The battle, one of the largest fought in medieval Europe, took place on territory belonging to the State of the Teutonic Order, now located in modern-day Poland.

                It involved an estimated 27,000 to 66,000 men and resulted in some 2,000 Polish-Lithuanian deaths, 8,000 Teutonic knights were killed, and 14,000 Teutonic knights were taken prisoner.

                The battle marked the rise of the Polish-Lithuanian union as the dominant political and military force in Central and Eastern Europe for the next two centuries.

                Archaeologists hope to find the remains of the knight who once wielded the remarkably well-preserved sword.

                Szymon Drej, the director of Battle of Grunwald Museum, said that they hope to solve the mystery as to why nobody took the sword of the slain soldier as they would have been very valuable.

                The Office of the Warminsko-Mazurskie Province Governor said: 'It's a phenomenal set in the form of a sword, scabbard, belt and two knives.

                'Taking into account that these relics come from the turn of the fourteenth and fifteenth centuries, and have therefore been in the ground for about 600 years, they are preserved in an extremely good state.'


                Battle of Grunwald: One of history’s ‘greatest battles’ remembered on 609th anniversary

                In recognition of the Polish-Lithuanian victory, ever since 1998 thousands of people have gathered on the anniversary to re-enact the battle in the fields of Grunwald. Muzeum Bitwy pod Grunwaldem/Facebook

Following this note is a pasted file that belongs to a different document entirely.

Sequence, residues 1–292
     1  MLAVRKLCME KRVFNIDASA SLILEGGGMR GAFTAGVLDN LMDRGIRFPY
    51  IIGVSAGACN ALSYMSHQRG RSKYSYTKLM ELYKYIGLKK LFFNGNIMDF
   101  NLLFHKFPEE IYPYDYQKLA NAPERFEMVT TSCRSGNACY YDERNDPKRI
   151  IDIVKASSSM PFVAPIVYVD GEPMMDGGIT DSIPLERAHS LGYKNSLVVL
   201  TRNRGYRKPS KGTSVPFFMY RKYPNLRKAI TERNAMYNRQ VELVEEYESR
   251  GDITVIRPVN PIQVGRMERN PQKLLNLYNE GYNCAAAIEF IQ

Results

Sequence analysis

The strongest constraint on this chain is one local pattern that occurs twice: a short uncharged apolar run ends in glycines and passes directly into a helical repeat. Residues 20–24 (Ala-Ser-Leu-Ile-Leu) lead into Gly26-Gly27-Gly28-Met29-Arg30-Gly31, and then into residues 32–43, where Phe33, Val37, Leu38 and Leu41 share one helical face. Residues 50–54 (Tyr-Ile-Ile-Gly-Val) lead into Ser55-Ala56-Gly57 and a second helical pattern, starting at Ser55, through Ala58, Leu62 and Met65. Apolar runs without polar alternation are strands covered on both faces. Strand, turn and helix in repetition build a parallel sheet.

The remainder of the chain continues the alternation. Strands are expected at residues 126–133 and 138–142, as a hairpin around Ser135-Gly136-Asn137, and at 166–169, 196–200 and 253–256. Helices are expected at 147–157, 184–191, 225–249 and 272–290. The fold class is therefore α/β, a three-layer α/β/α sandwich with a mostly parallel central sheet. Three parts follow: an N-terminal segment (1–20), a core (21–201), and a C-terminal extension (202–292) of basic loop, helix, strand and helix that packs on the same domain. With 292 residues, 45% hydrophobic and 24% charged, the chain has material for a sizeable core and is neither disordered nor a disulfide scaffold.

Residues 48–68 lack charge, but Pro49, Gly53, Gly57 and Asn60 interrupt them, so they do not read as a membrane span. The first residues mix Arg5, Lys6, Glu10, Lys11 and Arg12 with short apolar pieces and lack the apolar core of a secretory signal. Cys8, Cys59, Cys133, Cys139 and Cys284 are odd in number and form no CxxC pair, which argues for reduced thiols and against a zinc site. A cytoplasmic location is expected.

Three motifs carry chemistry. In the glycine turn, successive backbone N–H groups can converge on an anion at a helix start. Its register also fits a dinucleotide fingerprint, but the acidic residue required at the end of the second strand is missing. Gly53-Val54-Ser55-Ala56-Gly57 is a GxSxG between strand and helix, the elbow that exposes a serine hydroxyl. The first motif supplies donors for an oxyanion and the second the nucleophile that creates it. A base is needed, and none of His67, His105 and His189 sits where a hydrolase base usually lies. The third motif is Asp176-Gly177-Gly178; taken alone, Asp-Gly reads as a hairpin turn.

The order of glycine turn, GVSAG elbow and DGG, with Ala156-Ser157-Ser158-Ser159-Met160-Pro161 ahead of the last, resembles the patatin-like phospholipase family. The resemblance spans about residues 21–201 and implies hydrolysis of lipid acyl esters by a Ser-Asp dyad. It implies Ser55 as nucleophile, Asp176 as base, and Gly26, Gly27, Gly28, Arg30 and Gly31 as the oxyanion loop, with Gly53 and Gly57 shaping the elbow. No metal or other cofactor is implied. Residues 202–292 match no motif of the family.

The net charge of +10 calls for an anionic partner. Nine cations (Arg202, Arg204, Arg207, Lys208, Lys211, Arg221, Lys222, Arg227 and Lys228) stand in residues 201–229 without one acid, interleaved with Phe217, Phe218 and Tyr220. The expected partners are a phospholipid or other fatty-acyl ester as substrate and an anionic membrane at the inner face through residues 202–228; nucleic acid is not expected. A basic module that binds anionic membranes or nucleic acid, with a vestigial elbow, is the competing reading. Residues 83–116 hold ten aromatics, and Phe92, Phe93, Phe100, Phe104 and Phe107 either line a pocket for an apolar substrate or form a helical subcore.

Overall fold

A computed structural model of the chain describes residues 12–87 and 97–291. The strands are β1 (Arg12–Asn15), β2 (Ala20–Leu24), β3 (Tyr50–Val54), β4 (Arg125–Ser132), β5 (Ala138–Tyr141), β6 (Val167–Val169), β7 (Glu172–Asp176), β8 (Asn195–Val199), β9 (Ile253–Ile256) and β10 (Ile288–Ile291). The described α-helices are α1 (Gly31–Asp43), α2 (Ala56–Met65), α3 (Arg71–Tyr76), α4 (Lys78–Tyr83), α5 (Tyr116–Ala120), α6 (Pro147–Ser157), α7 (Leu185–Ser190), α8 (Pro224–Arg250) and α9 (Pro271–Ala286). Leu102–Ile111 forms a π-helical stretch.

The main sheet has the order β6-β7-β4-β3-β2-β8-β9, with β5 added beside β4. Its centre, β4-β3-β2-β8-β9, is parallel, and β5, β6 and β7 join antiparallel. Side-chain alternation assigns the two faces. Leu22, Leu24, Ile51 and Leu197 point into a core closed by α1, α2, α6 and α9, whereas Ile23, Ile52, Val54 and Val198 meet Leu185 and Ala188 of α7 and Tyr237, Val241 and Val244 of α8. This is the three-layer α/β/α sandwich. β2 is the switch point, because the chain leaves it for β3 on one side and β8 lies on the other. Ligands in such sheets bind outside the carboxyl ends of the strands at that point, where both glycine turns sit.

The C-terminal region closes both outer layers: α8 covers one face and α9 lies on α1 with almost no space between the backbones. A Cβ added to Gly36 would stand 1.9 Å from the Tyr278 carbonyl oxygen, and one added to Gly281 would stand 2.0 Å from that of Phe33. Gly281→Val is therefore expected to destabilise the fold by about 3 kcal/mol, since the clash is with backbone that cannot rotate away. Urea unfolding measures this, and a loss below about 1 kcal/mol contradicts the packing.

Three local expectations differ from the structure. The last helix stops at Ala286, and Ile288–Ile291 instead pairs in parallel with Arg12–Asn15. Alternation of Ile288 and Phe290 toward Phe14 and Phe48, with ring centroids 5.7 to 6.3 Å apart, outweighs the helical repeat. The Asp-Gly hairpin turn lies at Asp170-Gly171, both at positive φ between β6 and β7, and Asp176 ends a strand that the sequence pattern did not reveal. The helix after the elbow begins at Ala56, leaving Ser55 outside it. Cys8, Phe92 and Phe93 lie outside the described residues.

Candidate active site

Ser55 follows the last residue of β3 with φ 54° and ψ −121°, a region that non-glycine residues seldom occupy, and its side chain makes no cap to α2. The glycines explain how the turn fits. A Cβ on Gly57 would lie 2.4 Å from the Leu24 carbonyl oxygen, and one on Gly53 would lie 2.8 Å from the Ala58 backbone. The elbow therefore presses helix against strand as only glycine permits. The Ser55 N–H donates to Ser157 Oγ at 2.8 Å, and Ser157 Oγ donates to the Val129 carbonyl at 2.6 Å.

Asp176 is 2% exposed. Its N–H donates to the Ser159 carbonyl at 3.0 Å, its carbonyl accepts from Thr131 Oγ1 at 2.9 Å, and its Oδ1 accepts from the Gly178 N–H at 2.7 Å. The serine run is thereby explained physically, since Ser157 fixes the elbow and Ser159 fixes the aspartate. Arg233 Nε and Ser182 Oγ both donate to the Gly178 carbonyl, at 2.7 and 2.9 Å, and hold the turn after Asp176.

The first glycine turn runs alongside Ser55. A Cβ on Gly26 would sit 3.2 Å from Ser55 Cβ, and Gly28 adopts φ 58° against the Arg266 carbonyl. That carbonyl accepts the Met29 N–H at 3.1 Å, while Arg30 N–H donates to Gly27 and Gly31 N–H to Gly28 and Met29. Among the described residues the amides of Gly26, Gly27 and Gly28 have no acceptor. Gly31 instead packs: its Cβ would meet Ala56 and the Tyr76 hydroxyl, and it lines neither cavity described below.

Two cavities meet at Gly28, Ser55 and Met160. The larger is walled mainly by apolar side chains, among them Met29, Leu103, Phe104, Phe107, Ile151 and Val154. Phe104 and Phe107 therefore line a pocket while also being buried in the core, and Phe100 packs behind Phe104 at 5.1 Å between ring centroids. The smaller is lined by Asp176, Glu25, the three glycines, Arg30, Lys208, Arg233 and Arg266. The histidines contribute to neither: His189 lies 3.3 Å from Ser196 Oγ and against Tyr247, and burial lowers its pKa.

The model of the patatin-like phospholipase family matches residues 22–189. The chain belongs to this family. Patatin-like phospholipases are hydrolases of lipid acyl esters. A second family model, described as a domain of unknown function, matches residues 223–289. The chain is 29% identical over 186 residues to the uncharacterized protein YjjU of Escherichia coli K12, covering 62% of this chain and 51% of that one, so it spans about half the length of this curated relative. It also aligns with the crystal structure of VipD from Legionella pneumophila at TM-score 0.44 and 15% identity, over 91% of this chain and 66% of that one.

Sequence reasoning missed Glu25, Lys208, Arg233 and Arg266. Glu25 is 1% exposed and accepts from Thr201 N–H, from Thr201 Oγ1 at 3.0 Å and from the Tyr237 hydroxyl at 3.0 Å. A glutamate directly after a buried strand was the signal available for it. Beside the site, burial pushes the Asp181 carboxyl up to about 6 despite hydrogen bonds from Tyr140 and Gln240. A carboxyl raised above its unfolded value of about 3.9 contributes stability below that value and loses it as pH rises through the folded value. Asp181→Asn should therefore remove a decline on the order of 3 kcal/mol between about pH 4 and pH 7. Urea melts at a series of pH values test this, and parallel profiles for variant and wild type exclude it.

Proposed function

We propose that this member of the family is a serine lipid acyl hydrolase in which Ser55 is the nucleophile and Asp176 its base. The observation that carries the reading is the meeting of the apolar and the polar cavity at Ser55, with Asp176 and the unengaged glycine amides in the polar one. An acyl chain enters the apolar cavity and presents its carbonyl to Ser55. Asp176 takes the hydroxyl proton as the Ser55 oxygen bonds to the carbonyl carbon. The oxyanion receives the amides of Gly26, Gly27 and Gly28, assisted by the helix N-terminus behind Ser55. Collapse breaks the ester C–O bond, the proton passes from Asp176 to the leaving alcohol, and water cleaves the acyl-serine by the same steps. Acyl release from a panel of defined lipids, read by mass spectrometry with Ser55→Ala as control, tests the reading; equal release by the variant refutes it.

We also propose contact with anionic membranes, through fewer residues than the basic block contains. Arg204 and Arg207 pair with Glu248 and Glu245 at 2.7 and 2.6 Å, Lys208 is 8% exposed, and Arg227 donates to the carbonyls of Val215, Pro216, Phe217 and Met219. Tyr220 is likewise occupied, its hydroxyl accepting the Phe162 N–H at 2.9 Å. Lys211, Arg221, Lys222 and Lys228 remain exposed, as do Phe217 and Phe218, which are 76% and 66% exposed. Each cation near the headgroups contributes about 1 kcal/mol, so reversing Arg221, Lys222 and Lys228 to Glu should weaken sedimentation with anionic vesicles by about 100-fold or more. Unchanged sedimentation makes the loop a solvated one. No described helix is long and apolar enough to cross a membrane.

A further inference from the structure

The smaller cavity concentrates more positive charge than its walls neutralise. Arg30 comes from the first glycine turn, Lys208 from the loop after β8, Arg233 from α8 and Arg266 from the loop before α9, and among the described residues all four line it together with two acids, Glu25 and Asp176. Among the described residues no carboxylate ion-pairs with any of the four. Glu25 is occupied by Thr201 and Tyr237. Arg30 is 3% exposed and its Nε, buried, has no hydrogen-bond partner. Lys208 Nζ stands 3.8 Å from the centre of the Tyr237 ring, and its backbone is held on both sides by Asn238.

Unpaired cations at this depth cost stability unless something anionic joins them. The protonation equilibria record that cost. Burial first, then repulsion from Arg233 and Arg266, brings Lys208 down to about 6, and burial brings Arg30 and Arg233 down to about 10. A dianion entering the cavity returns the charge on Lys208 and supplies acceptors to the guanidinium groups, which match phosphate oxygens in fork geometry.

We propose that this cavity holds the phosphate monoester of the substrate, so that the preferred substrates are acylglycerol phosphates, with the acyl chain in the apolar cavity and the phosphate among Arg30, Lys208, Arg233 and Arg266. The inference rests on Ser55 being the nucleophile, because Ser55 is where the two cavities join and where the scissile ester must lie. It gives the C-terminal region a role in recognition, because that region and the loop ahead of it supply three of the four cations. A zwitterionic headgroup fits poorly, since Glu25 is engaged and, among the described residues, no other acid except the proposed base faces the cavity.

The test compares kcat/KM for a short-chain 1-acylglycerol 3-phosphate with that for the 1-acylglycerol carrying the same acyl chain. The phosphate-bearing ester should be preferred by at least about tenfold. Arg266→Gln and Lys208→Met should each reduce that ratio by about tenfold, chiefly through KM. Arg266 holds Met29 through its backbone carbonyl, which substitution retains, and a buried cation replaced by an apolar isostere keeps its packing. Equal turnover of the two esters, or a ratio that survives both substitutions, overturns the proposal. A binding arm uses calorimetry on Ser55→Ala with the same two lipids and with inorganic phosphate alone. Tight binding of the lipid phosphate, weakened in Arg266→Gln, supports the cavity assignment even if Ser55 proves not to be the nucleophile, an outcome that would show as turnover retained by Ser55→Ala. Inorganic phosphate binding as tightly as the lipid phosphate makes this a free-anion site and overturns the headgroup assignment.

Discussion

To 15th century Poland, the growth of the Teutonic Knights was seen as one of the country’s greatest threats.

                Invited by the Mazovian Duke Konrad in 1226 to help defend the Kingdom from pagan Prussians, little could he have imagined that the warriors would soon turn.

                The Teutonic Knights carved out enough land from Poland and the Grand Duchy of Lithuania to establish their own state, acting against both their Christian and pagan neighbours.

                This year’s commemorative battle on July 9th-15th, gathered over 1,000 historic reconstructors from Poland, across Europe and even South Africa, as well as 80,000 spectators. Tomasz Waszczuk/PAP

                Their expansion led to the Polish-Lithuanian alliance with the Grand Duke Jogaila marrying Queen Jadwiga in 1386, adopting Christianity and the name Władysław along the way.

                Lithuania’s conversion to Christianity should have been enough to put a stop to Teutonic activities in the region, but the knights contested the act before the Pope and continued their military advance to the south and east. With political mediations failing, both sides were ripe for war.